September 25, 2018
Far Flung
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Namibia
An Arts Oasis in Big Game Country

How did a village in Africa develop wineries, sachertorte, and an annual May arts festival that attracts visitors from around the world?

How does a mere wide spot in the road in the middle of southern Africa become an arts colony, and draw artists and visitors from around the world? Omaruru, Namibia, which in the local Herero language means “this is the place where the grass makes the cows’ milk sour,” has morphed into a creative center and a hotspot for both locals and tourists.

When we drove through this sleepy little settlement on the Omaruru River in the 1990s, it was mainly a pleasant place to stop for gas on the way to somewhere else. Used as a base by big game hunters in the mid 1800s, by the end of the 19th century German colonists had settled beside the Herero and Damara peoples in what was then called Sud West Afrika. A Rhenish Mission was built, then a brewery, and by beginning of the 20th century Roman Catholic and Anglican churches joined the Lutherans. A few artists found their way here, among them a man called “Lone Oak,” who lived under a camelthorn tree with his dog and goat, and painted religious murals on the walls of St. Boniface church.

By 2009, Omaruru was a different story. Almost 20 years after Namibian independence, this town of about 6,000 has become a kind of Ojai, California, drawing artists looking for a creative environment and a laid back lifestyle. Many of the original German buildings have been preserved, and turned into arts co-ops, restaurants, boutiques and studios. (Omaruru was also called Okozondje, the place of scorpions; fortunately, the only scorpions we saw were handcrafted from wrought iron.)

The artists here are both native and adoptive Namibians: Bushmen, Germans, South Africans, OvaHerero, Americans, French, NamaDamara, and Ovambo. They know a bit about mysticism beyond the traditions of their own tribes — the cover of the local arts guide, The Om Eye, features in its masthead the ancient Egyptian Eye of Horus, symbol of power and protection, while the free newspaper, The Om, celebrates the Hindu symbol for the absolute.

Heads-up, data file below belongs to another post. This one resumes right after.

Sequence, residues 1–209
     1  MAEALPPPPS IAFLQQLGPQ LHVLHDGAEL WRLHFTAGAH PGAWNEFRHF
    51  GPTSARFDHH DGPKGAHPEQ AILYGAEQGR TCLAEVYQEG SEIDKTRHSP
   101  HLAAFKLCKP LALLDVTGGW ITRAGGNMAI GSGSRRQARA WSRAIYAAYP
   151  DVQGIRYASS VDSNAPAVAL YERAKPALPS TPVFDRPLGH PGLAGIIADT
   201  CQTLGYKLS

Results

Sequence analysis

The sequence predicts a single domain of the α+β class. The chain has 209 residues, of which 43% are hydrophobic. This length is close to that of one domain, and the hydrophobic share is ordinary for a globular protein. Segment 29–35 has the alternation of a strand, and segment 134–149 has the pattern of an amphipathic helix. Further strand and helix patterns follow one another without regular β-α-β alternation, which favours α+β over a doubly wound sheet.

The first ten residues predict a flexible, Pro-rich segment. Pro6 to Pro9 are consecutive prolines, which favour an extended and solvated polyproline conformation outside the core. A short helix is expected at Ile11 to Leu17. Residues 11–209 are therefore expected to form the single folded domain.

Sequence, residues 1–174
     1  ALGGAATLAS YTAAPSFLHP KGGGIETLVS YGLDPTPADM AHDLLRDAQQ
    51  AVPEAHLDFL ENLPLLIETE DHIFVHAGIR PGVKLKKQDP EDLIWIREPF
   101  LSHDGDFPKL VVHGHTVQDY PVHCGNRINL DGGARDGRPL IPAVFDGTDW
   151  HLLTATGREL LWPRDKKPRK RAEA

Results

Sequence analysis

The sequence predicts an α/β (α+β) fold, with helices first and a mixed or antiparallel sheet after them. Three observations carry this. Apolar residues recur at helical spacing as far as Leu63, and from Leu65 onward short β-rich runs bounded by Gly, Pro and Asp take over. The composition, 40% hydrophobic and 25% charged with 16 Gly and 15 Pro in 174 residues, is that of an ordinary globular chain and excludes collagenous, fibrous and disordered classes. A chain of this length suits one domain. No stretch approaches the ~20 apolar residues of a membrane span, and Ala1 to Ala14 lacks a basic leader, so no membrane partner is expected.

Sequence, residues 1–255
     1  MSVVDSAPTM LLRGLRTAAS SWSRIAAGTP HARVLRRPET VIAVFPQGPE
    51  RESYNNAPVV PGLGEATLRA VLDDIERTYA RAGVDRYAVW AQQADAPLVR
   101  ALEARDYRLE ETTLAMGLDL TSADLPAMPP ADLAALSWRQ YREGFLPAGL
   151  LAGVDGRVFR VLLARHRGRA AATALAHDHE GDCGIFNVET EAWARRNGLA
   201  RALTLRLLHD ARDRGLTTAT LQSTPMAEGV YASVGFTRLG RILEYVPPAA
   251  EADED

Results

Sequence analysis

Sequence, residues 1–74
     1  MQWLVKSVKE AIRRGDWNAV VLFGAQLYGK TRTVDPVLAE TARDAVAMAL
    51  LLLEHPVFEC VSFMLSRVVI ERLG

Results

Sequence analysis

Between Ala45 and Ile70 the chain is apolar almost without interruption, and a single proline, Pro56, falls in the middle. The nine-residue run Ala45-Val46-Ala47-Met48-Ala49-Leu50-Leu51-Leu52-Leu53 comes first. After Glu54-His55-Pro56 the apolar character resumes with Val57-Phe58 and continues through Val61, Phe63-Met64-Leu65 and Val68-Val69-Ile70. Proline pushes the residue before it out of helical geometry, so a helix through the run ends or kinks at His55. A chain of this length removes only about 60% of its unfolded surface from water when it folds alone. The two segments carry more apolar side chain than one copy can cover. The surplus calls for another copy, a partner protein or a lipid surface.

We had already decided that meditating on the shaded banks of the Omaruru river might be an inspiring thing to do, but were sidetracked by a visit to the Kristall Kellerei winery, where we concentrated on the Nappa — Namibian grappa — instead. Though we didn’t reach nirvana, we were pleasantly surprised by the high quality of the wines.

Then we followed the art. We started at Wronsky House, built in 1907 as a shop, and still a souvenir and bookstore today. In fact, the coffee shop still serves a sachertorte passed down by a family member who married into the notable Viennese family that invented it in the 19th century.  We picked up the latest edition of The Om Eye, as well as the Omaruru Arts and Crafts Guide, which lists almost four dozen local artists who specialize in photography, embroidery, quilting, paintings and weavings; items made from recycled car parts; sculpture carved from ancient tree roots; intricate traditional woven baskets; and jewelry created from handmade ostrich shell beads. Plus bread baking, wine making and handmade chocolates.

We dropped in and out of shops and studios at Lalabaai, where we met owner and artist Lizanne Kruger, and bought her handmade angel, Mina Afrika. After lunch at the colorful and funky Sand Dragon, where they have a real espresso machine, we moved on to the Kashana Center. Hanne Marott Alpers’ Nawa Nawa Art Gallery specializes in work made of both recycled and natural materials - unusual sculptures made from discarded Land Rover parts, and paintings, Bushman baskets, photography, handmade jewelry. The Desert Rose in the Kashana center sells homemade cheeses, oryx ham, and the luscious Dorgeloh Chocolates, all of which went into our 4×4’s fridge for a picnic down the road. Everywhere we turned there were huge wooden sculptures fashioned from tree roots, and metal wall sculptures made by Michael van de Merwe.

With such a well-developed arts community, it follows that Omaruru has a popular annual Artists’ Trail event. Every year, over the third weekend of May, open studios and outdoor exhibits draw visitors from around southern Africa and beyond.

Editors’ note: In 2010, the Artists Trail is scheduled for May 14 and 15. Read more about life in Omaruru in the local newsletter, The Om Times.

Umbria, Italy-based writer Sharri Whiting lived for four years in Namibia. She now blogs about life in central italy, at Umbria Bella, and runs a summer communications course for Boston graduate students.

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